Volume 5 Supplement 1
Comparing two sports drinks effects on indices of aerobic performance
© Byars et al; licensee BioMed Central Ltd. 2008
Published: 17 September 2008
The purpose of this study was to compare the effects of a pre-exercise drink (PRX1) called EM·PACT® to Gatorade® (PRX2) on indices of aerobic performance. A previous study had indicated that ingestion of PRX1 significantly enhanced aerobic performance when compared to a water placebo.
Twenty-two males (n = 13) and females (n = 9) ages 20–36 years (23.68 +/- 3.91), volunteered as subjects. Each subject performed two VO2max treadmill tests within two weeks of each other. Administration of the trials was double-blinded and randomized with half of the participants ingesting PRX1 during the first trial and PRX2 during their second trial with the product order being reversed for the other subjects performing both exercise trials. In this crossover design, each subject ingested the PRX1 or PRX2 exactly 20 minutes before each exercise bout. VO2max, maximal heart rate (HR), time to exhaustion (Time), respiratory exchange ratio (RER), and fat substrate utilization (%), during graded exercise testing were evaluated.
Using repeated measures ANOVA, results indicated significant mean differences in VO2max (ml.kg-1.min-1) between PRX1 (50.65 +/- 8.27) and PRX2 (49.18 +/- 8.15) trials for the total group (p = 0.036), but not among gender (p > .05). No significant mean differences in maximal Time (minutes) to exhaustion or HR (beats.min-1) were found between the PRX1 (11.65 +/- 1.57; 186.41 +/- 9.03) and PRX2 (11.54 +/- 1.65; 185.36 +/- 11.03) trials respectively for all subjects as well as for gender (p > .05). Significant mean differences in maximal RER were found between the PRX1 (1.19 +/- .071) and PRX2 (1.21 +/- 0.053) trials for all subjects (p = 0.026), but not for gender (p > 0.05). Significant mean differences in percent fat substrate utilization were found between PRX1 (61.06 +/- 22.05) and PRX2 (54.62 +/- 22.14) in stage 1 (3 minutes) and in stage 2 (6 minutes), PRX1 (31.20 +/-17.89) and PRX2 (22.78 +/- 16.88) for all subjects (p < 0.05), but not for gender (p > 0.05) in the treadmill protocol used for this study.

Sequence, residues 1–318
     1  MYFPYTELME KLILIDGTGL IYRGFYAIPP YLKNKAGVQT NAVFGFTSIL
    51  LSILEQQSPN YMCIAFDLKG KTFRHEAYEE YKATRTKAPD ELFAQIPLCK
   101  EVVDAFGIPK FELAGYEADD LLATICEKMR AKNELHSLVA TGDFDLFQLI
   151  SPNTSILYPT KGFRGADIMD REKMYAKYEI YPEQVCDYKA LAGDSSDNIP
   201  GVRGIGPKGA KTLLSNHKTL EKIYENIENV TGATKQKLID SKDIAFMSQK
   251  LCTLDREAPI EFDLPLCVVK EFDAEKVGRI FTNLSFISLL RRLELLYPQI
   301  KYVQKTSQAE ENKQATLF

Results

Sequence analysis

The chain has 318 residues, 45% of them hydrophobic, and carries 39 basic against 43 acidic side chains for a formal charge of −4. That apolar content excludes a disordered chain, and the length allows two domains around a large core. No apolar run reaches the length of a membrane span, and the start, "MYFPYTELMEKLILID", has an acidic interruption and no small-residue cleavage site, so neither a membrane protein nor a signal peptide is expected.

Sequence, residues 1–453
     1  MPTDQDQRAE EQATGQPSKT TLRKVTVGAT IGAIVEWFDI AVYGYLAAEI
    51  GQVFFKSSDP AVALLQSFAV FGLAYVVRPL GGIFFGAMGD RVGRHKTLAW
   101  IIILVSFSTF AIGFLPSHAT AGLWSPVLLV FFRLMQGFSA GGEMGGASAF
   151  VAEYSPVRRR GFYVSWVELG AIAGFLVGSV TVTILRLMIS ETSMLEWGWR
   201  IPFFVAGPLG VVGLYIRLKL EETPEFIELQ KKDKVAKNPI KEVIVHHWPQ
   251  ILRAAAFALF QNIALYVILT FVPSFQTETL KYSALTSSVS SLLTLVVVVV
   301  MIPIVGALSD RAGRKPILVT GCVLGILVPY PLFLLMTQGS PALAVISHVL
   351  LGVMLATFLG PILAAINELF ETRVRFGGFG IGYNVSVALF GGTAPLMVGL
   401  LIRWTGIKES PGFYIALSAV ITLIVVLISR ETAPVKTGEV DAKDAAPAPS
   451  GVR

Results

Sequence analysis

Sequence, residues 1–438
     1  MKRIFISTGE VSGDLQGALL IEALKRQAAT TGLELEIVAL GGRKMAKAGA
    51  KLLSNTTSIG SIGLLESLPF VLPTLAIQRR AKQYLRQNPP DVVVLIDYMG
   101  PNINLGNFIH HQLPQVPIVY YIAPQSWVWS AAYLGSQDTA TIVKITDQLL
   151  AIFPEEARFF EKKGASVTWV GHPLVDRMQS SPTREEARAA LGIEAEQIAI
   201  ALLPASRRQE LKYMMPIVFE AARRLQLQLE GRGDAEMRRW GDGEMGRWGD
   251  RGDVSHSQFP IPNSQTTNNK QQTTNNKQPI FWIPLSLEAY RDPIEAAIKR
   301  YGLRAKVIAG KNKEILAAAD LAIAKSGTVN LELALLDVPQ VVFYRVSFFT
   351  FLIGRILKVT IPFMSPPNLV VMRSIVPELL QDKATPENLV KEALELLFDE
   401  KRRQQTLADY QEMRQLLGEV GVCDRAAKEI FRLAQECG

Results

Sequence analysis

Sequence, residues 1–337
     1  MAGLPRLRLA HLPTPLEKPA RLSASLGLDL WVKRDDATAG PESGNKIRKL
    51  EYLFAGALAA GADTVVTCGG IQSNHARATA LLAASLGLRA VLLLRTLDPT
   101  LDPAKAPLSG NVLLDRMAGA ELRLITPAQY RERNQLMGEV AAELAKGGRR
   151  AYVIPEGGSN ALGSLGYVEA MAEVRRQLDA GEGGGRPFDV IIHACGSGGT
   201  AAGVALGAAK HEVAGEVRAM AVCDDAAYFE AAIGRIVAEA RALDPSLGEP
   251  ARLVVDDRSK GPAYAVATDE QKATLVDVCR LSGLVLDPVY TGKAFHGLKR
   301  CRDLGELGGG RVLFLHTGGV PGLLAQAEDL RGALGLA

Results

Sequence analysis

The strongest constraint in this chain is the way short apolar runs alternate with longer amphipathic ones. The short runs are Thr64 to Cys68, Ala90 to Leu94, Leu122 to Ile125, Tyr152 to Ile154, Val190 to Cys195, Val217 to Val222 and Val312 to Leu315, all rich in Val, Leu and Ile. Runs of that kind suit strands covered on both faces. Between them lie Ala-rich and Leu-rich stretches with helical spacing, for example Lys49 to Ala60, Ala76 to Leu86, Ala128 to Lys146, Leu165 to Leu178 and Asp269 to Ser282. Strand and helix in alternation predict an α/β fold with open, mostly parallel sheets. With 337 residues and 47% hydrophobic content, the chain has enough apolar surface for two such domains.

Differences in overall time to exhaustion as well as gender specific values for each variable were not significantly different between the two exercise trials, however; during aerobic exercise bouts, the combined results of this investigation may provide meaningful practical applications for coaches and athletes alike regarding ergogenic hydration options.
The authors would like to thank Mannatech Incorporated, Coppell, TX 75019, USA, for product funding for this investigation. The researchers in this study independently collected, analyzed, and interpreted the results from this study and have no financial interests in the results of this study. Dissemination of the results in this study does not constitute endorsement by the researchers or their institutional affiliations.
This article is published under license to BioMed Central Ltd.